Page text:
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Listen to the Adventures of Rod Dow, Who Parachuted Into Flames

In the final episode of this season of Horizon Line, we explore the perilous, adrenaline-filled world of smokejumping.

A smokejumper approaches a wildfire.
A smokejumper approaches a wildfire. Mike McMillan

Every year, thousands of fires begin in the American wilderness. Most of these fires are remote, sparking and burning in the deep, deep backcountry. And over the last hundred years, brave men and women, known as smokejumpers, have parachuted in to extinguish them.

In previous episodes of Horizon Line, co-hosts Dylan Thuras and Ella Morton have told stories of peril and adventure from history. In the last episode of this season, they speak firsthand to someone who has lived a life full of both—retired smokejumper Rod Dow.  

Dow spent 32 years working as a smokejumper, primarily in Alaska and the Pacific Northwest. At the time of his retirement from smokejumping in 1999, he held the record for number of fire jumps, at 276. Dow’s book, Just A Few Jumper Stories, is a collection of 70 true stories from his time “flying around at low altitude in very cool jump ships, parachuting into wild country in Alaska and the western states, combating wildfire, at times, with huge ripping flame fronts, and drinking camp coffee with a nip of whiskey in it around campfires with some of the best people I ever met.”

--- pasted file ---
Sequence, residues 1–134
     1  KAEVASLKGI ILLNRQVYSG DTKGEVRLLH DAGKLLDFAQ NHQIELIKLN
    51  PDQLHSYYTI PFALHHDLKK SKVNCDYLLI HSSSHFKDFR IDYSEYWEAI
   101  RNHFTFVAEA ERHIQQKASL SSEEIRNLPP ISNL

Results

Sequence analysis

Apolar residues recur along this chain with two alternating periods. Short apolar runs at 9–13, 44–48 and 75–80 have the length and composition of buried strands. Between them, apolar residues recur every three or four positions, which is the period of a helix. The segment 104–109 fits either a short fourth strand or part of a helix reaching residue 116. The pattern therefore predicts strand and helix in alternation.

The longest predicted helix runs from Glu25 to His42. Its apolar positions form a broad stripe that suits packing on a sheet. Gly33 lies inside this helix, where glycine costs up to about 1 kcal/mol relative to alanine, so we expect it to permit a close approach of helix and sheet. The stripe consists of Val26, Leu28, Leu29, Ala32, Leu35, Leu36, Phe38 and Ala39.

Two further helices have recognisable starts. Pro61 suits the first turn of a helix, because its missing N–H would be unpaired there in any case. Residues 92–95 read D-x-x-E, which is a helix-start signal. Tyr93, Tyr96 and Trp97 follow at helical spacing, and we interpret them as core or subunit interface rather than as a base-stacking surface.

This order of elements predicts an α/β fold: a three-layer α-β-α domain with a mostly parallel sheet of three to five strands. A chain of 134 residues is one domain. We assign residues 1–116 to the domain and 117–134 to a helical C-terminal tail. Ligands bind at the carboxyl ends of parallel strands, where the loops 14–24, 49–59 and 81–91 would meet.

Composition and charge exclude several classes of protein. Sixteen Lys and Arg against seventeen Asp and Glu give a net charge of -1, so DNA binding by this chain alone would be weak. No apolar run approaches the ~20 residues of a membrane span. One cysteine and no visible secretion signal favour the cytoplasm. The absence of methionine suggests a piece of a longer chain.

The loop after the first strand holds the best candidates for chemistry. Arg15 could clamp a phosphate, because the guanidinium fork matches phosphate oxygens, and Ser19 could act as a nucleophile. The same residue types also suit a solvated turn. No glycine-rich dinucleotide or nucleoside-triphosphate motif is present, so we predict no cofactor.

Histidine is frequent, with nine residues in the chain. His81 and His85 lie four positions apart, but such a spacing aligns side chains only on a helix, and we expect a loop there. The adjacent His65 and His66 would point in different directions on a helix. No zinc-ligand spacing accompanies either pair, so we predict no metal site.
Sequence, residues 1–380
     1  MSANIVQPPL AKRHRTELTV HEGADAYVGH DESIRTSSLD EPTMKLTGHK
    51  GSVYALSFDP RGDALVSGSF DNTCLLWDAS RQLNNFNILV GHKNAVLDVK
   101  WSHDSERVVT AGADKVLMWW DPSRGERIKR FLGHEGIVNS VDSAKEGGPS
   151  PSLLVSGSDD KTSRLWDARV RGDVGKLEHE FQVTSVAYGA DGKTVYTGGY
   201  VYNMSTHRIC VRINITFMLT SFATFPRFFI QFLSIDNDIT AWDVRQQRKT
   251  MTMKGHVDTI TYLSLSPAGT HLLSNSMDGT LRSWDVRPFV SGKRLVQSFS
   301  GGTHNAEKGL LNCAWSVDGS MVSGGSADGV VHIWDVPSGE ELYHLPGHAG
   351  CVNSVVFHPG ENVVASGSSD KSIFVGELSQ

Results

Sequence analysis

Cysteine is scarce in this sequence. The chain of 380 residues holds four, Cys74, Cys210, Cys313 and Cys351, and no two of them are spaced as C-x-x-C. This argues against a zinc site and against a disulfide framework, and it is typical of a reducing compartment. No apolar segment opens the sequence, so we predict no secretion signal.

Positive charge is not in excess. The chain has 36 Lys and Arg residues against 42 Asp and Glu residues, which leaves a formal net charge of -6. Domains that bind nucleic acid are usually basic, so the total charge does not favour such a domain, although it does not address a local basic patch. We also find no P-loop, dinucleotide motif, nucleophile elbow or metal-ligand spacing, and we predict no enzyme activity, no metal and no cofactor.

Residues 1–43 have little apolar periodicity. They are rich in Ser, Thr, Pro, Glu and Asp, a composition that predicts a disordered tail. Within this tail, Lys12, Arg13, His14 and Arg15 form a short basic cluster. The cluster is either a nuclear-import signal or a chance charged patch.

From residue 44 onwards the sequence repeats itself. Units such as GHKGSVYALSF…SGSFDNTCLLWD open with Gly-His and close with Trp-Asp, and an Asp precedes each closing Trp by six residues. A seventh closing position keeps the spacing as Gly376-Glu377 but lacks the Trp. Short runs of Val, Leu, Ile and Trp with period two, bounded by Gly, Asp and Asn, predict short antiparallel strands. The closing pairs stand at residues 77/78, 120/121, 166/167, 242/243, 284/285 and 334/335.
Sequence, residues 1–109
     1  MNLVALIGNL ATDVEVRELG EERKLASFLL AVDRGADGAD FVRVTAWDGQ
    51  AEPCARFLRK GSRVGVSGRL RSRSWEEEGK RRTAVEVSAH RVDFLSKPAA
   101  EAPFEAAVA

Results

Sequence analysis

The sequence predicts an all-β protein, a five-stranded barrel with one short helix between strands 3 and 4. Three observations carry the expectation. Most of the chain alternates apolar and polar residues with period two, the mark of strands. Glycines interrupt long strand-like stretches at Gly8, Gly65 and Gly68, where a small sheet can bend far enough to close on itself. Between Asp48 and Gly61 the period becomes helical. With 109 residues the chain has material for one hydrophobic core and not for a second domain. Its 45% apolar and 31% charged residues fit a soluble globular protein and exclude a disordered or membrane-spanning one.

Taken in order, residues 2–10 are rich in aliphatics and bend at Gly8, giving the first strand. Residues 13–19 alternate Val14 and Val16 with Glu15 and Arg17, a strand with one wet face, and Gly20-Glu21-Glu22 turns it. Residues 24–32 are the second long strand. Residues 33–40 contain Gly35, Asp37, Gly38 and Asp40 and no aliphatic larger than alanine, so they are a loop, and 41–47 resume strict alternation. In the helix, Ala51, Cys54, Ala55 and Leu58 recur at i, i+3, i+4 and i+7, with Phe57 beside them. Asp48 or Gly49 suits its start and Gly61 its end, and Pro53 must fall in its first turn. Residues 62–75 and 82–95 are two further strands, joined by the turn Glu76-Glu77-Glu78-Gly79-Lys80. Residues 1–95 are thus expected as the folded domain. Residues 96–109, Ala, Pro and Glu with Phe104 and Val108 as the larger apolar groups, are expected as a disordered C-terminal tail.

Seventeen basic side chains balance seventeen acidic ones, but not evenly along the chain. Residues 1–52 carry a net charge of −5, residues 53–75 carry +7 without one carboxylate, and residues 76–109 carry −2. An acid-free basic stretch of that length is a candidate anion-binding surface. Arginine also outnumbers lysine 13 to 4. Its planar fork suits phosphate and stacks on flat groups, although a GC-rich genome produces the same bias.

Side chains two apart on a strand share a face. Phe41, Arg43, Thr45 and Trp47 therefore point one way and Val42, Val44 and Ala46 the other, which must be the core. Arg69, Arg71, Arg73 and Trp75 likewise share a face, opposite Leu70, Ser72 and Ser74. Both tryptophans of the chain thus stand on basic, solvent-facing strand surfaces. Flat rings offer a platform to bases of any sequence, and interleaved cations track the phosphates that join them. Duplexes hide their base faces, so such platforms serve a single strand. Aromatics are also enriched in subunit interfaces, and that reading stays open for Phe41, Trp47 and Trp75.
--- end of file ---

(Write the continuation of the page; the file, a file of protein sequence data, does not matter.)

Listen to some of Dow’s smokejumper tales here, and be sure to subscribe to Horizon Line in iTunes, Google Play, or wherever you get your podcasts from. We would also love your feedback, so be sure to leave a comment and a rating!

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